Flattens the tangents of the selected keyframes horizontally.

curve editor flatten tangent

Straighten Tangent

straighten tangent

When using Broken Tangents on a keyframe, selecting this will straighten the tangent angles, but not unbreak them. The angles will straighten along an average angle between the two broken tangents.

Filter Tool


Opens the Filter Tool window, where you can bake, simplify, and perform other curve functions.


The Curve Editor Outliner contains header information for all animatable tracks added to your sequence, as well as a track filter and playback controls.

curve editor outliner

Selecting entries from the list automatically filters and frames the Graph View to only display curves from that selection and any children. You can disable the auto-framing behavior by disabling Auto Frame Curves from the Curve Options toolbar menu.

outliner filter selection

You can also use the search bar to search for entries to narrow down the list. Any returned results will also include children tracks.

outliner search

Contents displayed in the outliner are determined by what tracks you have selected from Sequencer. Selecting tracks in the Sequencer window will cause only the selected tracks to appear in the Curve Editor Outliner. Deselecting all tracks in Sequencer will cause all contents to appear in the Curve Editor.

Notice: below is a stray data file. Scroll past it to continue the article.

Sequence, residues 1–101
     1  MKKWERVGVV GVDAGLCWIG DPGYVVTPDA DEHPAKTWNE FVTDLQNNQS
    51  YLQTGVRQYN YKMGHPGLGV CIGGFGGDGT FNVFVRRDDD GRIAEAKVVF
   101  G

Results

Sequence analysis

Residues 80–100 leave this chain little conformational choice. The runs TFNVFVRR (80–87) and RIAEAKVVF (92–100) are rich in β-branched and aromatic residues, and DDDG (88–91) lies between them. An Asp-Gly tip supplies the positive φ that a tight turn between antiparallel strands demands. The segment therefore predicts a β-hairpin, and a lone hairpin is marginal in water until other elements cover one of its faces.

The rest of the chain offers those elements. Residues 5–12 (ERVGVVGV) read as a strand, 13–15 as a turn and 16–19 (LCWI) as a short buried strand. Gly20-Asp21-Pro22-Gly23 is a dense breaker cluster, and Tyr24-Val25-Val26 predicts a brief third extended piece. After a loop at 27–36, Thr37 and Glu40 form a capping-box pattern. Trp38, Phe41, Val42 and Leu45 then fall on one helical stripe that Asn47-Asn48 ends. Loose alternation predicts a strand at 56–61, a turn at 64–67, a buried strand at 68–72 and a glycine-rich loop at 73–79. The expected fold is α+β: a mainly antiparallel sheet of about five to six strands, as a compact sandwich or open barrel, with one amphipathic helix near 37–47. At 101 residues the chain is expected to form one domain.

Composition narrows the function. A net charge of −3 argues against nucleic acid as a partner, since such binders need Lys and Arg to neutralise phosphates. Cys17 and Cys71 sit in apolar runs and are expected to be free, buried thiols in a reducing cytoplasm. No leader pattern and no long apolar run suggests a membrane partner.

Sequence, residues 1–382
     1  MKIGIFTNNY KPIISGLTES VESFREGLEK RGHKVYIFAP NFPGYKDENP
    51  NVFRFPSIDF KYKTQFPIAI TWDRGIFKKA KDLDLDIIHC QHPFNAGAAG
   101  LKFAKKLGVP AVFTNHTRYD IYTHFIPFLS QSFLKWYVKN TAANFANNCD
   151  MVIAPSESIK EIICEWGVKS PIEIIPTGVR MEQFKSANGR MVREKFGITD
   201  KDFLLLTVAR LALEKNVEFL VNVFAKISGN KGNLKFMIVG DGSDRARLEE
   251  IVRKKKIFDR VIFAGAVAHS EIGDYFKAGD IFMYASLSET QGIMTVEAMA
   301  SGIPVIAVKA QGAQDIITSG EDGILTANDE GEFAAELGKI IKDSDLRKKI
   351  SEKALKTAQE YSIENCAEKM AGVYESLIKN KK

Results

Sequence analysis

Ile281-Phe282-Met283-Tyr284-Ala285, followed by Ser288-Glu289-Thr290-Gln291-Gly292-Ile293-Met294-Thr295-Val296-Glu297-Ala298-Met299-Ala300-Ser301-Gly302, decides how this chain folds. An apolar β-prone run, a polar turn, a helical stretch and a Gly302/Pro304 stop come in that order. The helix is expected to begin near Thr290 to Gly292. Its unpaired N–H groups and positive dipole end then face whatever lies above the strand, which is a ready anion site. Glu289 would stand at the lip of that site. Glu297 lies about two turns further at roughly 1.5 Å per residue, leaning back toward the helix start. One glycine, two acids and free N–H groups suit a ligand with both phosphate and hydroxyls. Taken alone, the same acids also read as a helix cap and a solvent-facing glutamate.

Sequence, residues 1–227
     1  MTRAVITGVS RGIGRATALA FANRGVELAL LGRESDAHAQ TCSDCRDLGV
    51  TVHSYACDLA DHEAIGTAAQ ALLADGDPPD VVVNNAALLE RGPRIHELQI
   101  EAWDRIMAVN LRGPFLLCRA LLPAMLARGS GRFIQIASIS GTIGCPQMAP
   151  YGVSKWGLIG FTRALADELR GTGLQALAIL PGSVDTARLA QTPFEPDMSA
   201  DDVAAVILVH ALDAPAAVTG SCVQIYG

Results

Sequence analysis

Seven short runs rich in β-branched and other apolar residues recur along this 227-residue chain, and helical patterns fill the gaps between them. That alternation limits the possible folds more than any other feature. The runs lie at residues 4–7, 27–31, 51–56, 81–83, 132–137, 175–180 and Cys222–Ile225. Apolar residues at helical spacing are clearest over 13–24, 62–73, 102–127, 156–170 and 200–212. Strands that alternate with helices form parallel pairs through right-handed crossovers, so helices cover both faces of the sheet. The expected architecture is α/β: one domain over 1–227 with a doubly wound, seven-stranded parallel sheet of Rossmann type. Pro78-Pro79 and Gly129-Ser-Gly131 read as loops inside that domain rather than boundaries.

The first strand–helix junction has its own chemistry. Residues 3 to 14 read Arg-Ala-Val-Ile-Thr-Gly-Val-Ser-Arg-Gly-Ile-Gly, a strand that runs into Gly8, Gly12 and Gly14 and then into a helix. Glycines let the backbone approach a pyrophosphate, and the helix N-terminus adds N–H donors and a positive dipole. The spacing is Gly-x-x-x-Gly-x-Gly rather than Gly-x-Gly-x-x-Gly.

outliner sequencer select filter

You can disable this selection matching and filtering behavior by disabling Synchronize Curve Editor Selection and Isolate Curve Editor to Selection in the Sequencer Editor Preferences window.


The Curve Editor Graph contains a two-dimensional display of your keyframes, and the interpolated curves generated. The graph plots both Time and Value on the Horizontal and Vertical axes, respectively, and keyframes are positioned in the graph according to those properties.

curve editor graph

Graph Navigation

There are several ways to navigate within the graph, as well as different View Modes you can use for representing curve data.


Use RMB to pan the graph view freely.

graph pan